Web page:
Legislative Assembly for the ACT: 2004 Week 2 Hansard (2 March) . . Page.. 566..
MR STEFANIAK (continuing):
release, murderers and other serious criminals who have got off can now be fingered as having committed the crime, as a result of advances in technology. Why on earth should they not be prosecuted again?
Why should not a person, where they are acquitted due to an error made by a judge, not be tried again? That is not even double jeopardy; that is part of the process where there is an error made and that person is acquitted. Currently, unlike in other states, the prosecution cannot apply to have the person tried again. In fact, I have a bill on the table in relation to that. I would suggest that clause 24 is not necessarily in the interests of justice and that many victims in society will be hurt as a result of this clause.
Finally, Mr Stanhope deals with the rights of minorities. That is fine but he does not say anything at all about people generally. Why are we just dealing with minorities? Why should it not just read that anyone who belongs to an ethnic, religious or linguistic group should not be denied the right to enjoy their culture? Why does he stipulate minorities? I believe this is a real problem with this bill. I thought human rights were meant to be about everyone-protecting groups, whether they are minority groups or majority groups. This gets back to the point Bob Carr and other people who oppose this bill have made so effectively-that if you place over-emphasis on the rights of certain sections of society, invariably, in a sophisticated society like Australia and the ACT you will be taking rights away from a lot of other people. It is just commonsense-it happens like that. There are some potential problems there too.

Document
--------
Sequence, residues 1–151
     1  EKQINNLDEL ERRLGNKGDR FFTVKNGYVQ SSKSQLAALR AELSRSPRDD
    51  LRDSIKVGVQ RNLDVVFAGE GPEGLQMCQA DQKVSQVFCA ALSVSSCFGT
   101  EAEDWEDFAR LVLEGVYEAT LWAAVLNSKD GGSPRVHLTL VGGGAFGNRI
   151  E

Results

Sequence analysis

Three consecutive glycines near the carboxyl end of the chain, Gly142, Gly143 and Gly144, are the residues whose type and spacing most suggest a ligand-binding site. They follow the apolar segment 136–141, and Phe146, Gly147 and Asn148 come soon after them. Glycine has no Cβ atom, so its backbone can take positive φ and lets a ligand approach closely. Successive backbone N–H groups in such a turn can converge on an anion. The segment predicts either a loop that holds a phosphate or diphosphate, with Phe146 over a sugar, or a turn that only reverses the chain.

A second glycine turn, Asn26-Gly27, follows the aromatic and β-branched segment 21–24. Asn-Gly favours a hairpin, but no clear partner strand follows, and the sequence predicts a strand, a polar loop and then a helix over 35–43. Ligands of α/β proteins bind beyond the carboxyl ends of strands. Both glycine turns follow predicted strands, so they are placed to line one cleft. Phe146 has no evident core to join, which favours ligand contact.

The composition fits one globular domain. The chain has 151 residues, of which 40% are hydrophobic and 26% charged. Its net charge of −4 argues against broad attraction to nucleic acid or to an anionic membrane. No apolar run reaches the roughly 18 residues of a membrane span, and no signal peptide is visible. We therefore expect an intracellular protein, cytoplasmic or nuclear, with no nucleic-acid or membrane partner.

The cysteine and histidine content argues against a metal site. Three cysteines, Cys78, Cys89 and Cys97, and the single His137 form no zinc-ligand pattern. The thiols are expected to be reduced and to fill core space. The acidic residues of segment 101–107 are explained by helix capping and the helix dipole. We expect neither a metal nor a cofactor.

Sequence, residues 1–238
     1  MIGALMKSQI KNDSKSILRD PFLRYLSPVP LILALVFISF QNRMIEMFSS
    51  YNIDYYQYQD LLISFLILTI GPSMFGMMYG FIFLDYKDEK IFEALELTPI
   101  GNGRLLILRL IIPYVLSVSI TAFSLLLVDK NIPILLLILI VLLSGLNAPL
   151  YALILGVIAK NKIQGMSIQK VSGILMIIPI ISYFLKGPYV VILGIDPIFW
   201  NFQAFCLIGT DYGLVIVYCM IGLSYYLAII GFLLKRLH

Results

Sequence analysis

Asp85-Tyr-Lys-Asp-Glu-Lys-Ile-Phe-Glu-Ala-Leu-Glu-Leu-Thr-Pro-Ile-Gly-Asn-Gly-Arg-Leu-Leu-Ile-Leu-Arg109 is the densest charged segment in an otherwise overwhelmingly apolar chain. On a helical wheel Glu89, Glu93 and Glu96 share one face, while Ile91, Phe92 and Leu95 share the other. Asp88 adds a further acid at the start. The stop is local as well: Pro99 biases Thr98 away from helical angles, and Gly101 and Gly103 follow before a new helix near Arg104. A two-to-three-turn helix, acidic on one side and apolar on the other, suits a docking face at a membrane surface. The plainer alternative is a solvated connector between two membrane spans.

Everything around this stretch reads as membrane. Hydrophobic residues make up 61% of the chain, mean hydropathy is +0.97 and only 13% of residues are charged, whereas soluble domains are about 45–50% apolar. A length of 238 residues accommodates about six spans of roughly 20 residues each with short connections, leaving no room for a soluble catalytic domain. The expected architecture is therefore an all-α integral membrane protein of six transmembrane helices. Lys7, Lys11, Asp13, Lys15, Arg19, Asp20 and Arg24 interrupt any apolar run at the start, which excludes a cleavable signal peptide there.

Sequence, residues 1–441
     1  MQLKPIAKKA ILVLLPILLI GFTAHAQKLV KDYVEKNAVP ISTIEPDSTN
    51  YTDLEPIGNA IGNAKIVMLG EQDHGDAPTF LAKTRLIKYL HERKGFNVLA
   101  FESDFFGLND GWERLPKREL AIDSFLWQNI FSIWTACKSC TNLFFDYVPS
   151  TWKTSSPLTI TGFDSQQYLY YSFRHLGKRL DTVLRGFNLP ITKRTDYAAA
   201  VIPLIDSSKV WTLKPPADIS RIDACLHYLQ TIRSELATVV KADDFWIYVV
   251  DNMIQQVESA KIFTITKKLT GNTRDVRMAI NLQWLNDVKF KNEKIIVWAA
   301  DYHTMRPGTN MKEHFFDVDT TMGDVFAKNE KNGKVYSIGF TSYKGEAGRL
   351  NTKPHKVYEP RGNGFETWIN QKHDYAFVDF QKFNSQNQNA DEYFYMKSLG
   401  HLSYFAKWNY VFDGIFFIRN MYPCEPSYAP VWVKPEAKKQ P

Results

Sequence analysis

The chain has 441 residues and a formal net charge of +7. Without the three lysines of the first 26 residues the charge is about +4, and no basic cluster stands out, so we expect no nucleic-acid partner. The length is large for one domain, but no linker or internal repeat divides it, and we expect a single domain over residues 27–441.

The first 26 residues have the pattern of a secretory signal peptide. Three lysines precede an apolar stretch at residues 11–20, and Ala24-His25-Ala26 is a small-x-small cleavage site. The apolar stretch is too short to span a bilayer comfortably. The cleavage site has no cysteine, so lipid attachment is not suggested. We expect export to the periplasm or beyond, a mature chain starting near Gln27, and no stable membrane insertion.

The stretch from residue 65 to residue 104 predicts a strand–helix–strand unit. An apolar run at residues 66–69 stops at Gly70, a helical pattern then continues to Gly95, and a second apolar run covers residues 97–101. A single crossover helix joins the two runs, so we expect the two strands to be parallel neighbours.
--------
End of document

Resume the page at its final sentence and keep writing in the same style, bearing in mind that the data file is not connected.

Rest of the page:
Clauses 13 to 27 agreed to.
Suspension of standing order 76
Motion (by Mr Wood ) agreed to, with the concurrence of an absolute majority.
That standing order 76 be suspended for the remainder of the sitting.
Clauses 28 and 29, by leave, taken together.
MR STEFANIAK (10.45): The Chief Minister earlier made mention of clause 28. My colleague, Mr Smyth-I am not going to repeat what he said-made eloquent comments just before the dinner adjournment, in relation to the separation of powers and the comments made by many learned justices over the years in relation to that issue. At pages 5, 6, 8, 9 and 10 of the scrutiny report, much is said in relation to clause 28. In clause 28 there are significant problems which jump out at you. It says:
Human rights may be subject only to reasonable limits set by Territory laws that can be demonstrably justified in a free and democratic society.
How on earth are "reasonable limits"going to be established? In talking about the parameters, what is meant? Where are the limits? How are our poor Supreme Court judges meant to interpret that? How are they going to be able to do that without making judgments in relation to rights, and without going down the path of adopting a role which is much more appropriate for the legislature than the court? There were points made earlier in relation to the separation of powers, what a court ideally does and how a court